Which again shows why Premise 1 is simply rewording the conclusion, making the argument circular.  Every other thing that “begins to exist” comes from preexisting materials and has a material cause.

Also, we have no reason to believe that anything “immaterial” exists. What is an “immaterial” being made of? In what way can something “immaterial” be said to exist? How is being “immaterial” different from being nonexistent?

As far as I’m concerned, when someone says God is “timeless” and “immaterial” it is the same as saying “God does not exist and never has.”

He also says it’s personal because abstract objects like numbers can’t cause anything and the other viable option is an unembodied mind.

Well, since the only minds we have EVER observed are fully embodied (and as far as we can tell, cease to function once the body is gone), I’m putting my money on the numbers.

Seriously, William Lane Craig doesn’t say the “cause” is “personal” because he doesn’t think it’s a number.  He says it’s personal because he wants people to think the God he is arguing for can interact with them in their daily lives (which goes completely against the “timeless” trait he applied earlier but he doesn’t seem to care).

Well a mind can conceive of things and we think of persons having this sort of entity.

Exactly, apologists are anthropomorphizing an unexplained event into a superhuman entity without any actual evidence to support their conclusion.

Show me where my line of reasoning is false and I will correct it. In regards to existence, remember, there are only two options: Necessary or contingent.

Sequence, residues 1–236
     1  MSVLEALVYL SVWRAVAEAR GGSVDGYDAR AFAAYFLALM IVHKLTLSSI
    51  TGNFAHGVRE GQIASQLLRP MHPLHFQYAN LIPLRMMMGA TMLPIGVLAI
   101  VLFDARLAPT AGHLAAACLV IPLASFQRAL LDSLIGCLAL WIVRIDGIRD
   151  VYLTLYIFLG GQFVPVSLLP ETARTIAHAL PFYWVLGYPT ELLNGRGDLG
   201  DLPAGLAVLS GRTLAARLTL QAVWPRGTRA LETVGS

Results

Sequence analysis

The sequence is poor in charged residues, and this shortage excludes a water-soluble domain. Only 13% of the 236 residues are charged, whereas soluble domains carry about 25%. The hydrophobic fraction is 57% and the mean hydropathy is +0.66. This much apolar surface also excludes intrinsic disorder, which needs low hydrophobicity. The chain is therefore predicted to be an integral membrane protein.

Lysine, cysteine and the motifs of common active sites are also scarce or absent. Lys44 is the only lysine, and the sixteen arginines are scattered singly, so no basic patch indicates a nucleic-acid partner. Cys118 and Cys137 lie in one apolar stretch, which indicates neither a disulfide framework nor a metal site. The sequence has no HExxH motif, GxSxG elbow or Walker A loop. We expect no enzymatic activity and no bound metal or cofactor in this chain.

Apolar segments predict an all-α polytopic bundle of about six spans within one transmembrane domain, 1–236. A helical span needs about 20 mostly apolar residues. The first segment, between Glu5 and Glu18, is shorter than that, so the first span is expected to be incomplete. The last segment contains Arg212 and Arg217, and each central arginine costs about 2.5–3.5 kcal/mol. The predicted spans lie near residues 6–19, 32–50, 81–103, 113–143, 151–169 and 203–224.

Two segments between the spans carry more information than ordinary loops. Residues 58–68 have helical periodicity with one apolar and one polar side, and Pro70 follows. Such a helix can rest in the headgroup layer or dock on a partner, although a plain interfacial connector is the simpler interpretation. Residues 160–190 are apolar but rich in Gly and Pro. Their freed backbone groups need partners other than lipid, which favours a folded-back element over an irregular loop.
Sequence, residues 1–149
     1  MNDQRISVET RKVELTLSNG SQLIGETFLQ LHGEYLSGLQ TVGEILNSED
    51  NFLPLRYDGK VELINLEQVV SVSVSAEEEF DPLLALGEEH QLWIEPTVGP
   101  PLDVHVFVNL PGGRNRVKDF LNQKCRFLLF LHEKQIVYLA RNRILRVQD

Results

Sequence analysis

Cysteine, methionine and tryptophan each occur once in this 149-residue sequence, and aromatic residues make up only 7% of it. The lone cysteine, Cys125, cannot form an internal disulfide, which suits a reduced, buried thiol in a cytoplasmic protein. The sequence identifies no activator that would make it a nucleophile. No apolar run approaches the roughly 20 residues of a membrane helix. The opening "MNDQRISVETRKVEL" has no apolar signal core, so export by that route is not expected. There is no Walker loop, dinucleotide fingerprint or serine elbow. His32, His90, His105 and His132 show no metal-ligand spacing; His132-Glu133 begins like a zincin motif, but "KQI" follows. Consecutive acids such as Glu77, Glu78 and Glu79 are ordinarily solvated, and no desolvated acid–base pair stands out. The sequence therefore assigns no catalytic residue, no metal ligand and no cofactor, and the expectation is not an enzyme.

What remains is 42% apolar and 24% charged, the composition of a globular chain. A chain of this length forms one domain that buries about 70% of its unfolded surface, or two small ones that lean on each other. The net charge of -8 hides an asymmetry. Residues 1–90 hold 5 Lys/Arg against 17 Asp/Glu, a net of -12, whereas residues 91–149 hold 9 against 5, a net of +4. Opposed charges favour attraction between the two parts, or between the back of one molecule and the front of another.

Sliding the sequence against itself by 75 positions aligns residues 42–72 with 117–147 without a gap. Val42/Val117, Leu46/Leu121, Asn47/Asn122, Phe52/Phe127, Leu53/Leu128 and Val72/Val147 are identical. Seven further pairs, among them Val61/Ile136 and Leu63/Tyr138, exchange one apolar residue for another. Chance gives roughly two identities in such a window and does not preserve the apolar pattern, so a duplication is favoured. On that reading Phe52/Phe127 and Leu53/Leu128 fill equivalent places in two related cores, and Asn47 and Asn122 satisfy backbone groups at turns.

There are a few places where your reasoning is bad, and/or poorly supported:

  1. You use fallaciously use 2 definitions for “begins to exist” interchangeably, one which only applies to the universe and one which applies to everything else.  (This is known as an equivocation fallacy.)
  2. You state that God is not excluded from the need for a cause or the impossibility of actual infinities then you fail to provide any possible causes for God while simultaneously trying to define him in such a way to exclude him from the need of a cause.
  3. Your position requires timeless entities to complete specific acts which requires the existence of time. (In order for an action to be taken there must be a time before the action takes place, a time when the action is performed, and a time after the action is completed. Without time action is impossible.)
  4. You need to define the difference between “non-existent,” and “immaterial.” (It would be helpful if you gave some examples of tests which could be done to test for the existence of “immaterial” objects.)
  5. All known examples of minds exist within living brains. Your position requires you to prove the existence of “unembodied” minds.  (Also, please provide evidence of where they get the energy to function, where they store their memories, how they operate without any synapses, etc.)
  6. The discussion is about HOW the universe was created, not WHO created it. Stating that an immaterial being created it gives us no actual information about HOW it happened.

Just out of curiosity, do you believe that the physical world is all there is or that the universe just exists and thats it?

This universe is the only one we have any evidence of, which is why it is so important to live your life to the fullest, let your loved ones know how much they mean to you, and do your part to make the world an even better place for the next generation.  This physical world is the only one we can be sure of, and this one life is the only one we are guaranteed.  It’s important to cherish every moment.